Other than the bendy bolts I was extremely pleased and impressed with the kit quality of the P47. I should also note, it wasn’t until I was ¾ of the way done with the build that I noticed each small bag of parts had a number on the bag that corresponded with the appropriate step in the instruction booklet. I will admit had I noticed this sooner, things probably would’ve gone smoother for me. So don’t be stupid like me, pay attention to the numbers! :)


Features

Even though the landing gear wheels are small I really appreciate the retracts on this bird. When they are locked in they are strong and stable. The wheel wells are big enough to accommodate larger wheels if you want to try taking off from the grass or a snowy mountain top. The covering was nicely done with no bubbles, wrinkles or crinkles but the scheme is a little weird in my opinion. In the air the less than scale lines and rivets disappear as the bird glints nicely in the sun.

First Flight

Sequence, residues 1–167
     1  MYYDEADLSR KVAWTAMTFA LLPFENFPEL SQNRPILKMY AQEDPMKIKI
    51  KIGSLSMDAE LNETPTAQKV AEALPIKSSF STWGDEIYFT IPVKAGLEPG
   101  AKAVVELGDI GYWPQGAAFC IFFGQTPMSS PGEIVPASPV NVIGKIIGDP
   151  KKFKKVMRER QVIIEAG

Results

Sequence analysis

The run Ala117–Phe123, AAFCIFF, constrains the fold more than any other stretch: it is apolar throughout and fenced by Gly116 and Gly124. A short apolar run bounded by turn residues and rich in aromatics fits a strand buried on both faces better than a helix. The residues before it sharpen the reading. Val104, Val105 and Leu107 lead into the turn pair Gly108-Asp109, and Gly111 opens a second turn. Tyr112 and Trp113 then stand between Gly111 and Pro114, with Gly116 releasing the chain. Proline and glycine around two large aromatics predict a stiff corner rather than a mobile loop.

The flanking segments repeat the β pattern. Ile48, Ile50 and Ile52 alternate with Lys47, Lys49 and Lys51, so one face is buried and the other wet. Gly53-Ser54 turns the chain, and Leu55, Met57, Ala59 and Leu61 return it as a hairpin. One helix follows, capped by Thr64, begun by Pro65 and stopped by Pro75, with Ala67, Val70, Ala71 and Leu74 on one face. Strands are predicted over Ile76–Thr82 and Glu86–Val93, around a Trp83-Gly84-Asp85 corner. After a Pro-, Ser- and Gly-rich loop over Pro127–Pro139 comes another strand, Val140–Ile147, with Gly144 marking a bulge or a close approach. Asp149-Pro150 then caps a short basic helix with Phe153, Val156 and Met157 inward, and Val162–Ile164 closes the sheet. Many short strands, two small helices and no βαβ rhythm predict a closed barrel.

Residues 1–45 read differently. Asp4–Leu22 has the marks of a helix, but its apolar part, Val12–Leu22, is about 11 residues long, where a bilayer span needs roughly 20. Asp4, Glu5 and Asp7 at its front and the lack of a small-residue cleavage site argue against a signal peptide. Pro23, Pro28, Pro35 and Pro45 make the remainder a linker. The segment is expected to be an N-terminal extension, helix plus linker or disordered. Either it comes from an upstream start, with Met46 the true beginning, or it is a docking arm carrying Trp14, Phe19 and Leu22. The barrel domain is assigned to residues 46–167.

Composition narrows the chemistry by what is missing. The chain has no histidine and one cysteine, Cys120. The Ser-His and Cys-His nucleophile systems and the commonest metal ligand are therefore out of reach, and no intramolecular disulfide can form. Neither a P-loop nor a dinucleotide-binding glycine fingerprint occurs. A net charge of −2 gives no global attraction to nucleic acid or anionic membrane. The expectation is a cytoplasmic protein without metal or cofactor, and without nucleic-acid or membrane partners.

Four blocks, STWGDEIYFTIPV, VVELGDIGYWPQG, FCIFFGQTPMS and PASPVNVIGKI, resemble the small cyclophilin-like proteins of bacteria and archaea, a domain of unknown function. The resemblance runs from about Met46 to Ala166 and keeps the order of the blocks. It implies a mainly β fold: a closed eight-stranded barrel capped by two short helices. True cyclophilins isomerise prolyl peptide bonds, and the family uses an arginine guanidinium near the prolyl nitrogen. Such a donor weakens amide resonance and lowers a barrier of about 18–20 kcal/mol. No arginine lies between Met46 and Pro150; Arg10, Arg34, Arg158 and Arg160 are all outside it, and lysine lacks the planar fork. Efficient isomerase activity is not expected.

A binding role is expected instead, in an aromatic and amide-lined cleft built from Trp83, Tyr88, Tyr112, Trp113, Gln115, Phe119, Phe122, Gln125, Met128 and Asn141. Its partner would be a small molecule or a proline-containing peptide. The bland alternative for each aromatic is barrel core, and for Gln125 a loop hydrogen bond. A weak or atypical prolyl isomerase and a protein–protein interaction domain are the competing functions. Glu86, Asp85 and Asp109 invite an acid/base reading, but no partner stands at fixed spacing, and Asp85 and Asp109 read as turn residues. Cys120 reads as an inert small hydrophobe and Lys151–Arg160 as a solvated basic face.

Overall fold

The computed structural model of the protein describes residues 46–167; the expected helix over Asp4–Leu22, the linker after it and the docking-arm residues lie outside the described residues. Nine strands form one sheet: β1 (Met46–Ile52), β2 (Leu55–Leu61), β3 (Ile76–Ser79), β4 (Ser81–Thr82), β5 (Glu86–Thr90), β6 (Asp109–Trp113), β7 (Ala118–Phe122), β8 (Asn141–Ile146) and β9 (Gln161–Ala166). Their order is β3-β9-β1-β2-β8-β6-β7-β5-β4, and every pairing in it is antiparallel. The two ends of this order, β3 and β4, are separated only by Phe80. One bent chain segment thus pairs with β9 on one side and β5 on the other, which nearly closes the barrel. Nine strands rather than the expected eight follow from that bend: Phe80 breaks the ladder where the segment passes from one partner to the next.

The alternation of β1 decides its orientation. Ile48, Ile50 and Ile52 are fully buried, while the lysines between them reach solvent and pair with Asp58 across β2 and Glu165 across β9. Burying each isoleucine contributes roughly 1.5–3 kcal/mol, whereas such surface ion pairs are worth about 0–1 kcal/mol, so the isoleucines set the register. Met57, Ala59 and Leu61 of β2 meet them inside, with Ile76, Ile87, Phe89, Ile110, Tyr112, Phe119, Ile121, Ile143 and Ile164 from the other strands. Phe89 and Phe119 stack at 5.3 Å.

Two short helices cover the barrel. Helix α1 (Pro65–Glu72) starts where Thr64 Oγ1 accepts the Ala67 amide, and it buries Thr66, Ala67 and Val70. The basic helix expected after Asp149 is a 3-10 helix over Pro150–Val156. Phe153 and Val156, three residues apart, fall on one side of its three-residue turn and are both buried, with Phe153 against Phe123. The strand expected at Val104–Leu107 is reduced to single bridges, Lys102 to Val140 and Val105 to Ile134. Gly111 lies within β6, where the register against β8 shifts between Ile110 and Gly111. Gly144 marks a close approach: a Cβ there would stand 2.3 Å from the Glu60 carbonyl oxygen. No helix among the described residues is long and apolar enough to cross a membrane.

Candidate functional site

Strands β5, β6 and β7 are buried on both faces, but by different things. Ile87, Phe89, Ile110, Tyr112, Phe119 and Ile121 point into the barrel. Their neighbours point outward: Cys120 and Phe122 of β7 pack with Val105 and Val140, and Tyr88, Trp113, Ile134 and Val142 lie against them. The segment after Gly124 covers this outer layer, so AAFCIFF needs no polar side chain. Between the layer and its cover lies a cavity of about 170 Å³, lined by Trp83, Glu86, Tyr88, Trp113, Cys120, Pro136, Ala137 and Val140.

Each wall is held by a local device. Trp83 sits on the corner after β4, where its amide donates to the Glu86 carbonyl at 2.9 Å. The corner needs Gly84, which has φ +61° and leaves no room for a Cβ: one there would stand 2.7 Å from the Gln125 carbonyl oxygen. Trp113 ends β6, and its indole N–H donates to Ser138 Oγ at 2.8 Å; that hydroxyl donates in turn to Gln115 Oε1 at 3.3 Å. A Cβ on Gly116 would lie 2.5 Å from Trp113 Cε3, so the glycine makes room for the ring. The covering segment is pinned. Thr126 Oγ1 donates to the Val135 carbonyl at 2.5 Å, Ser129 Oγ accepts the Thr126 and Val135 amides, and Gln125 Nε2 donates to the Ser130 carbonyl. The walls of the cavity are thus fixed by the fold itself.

All eyes were on me when I went to the field for my maiden flight. I was the new guy with a new plane and just like NASCAR, I think everyone was hoping for a crash. It was a cold and very gray day but there was little to no wind so I wasn’t too concerned. Running the prop and motor up the night before I knew the P47 should have more than enough power to get up in the air. I taxied on the runway, checked my control surfaces for about the 200th time and decided to let ‘er rip. The plane didn’t roll very far before the rear wheel popped up and I could tell she was ready to leave Planet Earth. I gathered even more speed before finally pulling back gently on the elevator and the plane jumped to the sky gracefully like an Olympic high jumper. I immediately executed a nice gentle right turn to stay within our field’s flying area and it wasn’t until about 20 seconds in that I realized the plane needed ZERO trim. She was flying perfectly and balanced. I was thrilled. I flew for about 5 minutes before deciding to bring her down safely and to see how much battery was left. Landing on maiden flights is always a little stressful because each plane slows down so differently. Some tip stall, others become nose heavy and my last P47 became extremely touchy to elevator input. I made my approach and called it off since I was way too high and had too much speed. I kept my gear down on the final circuit to get a better feel of the drag. I finally brought her in and porpoised a bit but managed to bring her down in one piece fairly gently. After rolling on the runway for 10 feet the gear collapsed under the plane to everyone’s delight but there was no damage.